Causes of Milia in Babies
Since the newborn’s skin is sensitive and not matured, it cannot shed the dead skin cells. Due to this, an oil gland blocks the skin pores that trap these dead skin cells leading to small white pearl-like cysts. Milia commonly occurs on the forehead, cheeks, nose, and below the eyes of the newborn. Sometimes it may also be seen on the genitals of the baby. It may look annoying, but it does not bother the baby. Congenital milia do not cause any itching or irritation in babies. Milia usually regresses a month or two after birth.
Breastfeeding or any other external causes do not contribute to the cause of Milia in newborns. There is no particular reason behind the formation of a milium. Since a milium does not have a reddish outline like a pimple or any other skin bump, milia should not be considered Acne Neonatorum or Baby acne.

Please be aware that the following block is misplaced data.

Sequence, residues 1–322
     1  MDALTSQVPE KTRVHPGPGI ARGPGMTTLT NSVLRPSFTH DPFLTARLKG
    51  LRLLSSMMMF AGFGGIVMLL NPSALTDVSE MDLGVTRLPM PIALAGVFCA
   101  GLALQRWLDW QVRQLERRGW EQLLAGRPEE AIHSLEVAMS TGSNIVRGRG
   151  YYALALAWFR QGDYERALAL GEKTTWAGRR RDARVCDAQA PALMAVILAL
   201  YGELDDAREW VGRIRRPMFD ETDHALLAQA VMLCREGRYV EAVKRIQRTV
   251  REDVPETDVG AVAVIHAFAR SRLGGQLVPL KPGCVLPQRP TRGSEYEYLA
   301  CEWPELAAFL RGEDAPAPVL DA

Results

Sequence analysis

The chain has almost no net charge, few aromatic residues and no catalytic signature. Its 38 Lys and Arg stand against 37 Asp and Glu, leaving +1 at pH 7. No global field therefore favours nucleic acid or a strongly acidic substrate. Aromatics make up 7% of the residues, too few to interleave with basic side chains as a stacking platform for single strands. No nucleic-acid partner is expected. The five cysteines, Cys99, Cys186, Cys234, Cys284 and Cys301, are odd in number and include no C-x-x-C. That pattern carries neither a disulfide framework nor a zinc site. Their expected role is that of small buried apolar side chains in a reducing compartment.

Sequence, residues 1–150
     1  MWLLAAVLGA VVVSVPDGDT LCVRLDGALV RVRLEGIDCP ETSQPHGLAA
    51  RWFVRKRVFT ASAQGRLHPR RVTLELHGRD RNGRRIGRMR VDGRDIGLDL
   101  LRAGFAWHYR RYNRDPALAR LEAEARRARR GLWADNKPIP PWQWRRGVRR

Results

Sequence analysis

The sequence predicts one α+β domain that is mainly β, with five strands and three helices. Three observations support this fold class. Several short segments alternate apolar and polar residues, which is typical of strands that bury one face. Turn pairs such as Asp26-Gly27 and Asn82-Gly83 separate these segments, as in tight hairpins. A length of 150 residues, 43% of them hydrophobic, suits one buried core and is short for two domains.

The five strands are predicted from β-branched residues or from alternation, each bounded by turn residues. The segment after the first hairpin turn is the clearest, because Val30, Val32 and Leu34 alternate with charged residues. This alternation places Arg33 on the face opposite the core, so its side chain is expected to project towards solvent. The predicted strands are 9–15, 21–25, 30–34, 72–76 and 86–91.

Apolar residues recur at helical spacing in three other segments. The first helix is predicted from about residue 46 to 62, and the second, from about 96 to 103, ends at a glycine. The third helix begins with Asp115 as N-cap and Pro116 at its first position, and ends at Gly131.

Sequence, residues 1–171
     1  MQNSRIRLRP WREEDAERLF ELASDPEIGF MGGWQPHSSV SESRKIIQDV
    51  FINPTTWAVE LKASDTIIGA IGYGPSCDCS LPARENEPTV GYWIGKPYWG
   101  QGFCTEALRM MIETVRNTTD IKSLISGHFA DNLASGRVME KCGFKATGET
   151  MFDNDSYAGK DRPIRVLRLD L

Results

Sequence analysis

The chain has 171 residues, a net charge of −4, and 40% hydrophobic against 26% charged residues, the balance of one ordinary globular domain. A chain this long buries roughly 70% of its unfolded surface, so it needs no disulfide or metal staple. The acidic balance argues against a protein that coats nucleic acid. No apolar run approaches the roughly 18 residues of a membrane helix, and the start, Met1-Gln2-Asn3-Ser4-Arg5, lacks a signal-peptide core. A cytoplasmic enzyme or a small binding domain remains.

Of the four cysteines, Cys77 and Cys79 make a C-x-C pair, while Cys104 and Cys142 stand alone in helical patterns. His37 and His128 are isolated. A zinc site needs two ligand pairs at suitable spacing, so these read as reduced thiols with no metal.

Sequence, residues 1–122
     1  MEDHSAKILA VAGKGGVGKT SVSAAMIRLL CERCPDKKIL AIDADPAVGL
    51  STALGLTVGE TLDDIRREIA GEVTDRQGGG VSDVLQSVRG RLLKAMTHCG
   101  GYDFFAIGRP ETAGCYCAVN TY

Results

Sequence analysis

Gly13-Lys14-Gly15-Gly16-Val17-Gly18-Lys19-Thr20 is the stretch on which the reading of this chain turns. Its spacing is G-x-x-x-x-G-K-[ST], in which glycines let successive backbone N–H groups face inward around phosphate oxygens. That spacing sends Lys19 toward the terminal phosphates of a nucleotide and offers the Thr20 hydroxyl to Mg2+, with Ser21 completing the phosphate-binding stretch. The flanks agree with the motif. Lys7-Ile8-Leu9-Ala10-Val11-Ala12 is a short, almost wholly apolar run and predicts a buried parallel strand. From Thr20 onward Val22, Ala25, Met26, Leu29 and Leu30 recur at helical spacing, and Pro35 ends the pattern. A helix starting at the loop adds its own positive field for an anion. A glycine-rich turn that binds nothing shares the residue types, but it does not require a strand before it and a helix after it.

Types of Milia
There are different types in Milia. they are,
1. Neonatal Milia
Neonatal Milia is associated with newborn and young babies. These are the milky white bumps on the skin of the baby. They usually do not need any treatment. Neonatal milia may take a bit longer to regress than Erythema Neonatorum but go away within a few weeks.
2. Primary Milia
This type of Milia occurs in babies and young children. No cause contributions to the occurrence of this kind of Milia.
3, Secondary Milia
Secondary Milia commonly occurs in juveniles and adults. It can be a cause of an existing skin condition. It can also be present in newborns. Secondary milia are sometimes associated with an inherited skin condition. Adults and older children may suffer milia due to skin injuries like burns, blisters, and other skin damage.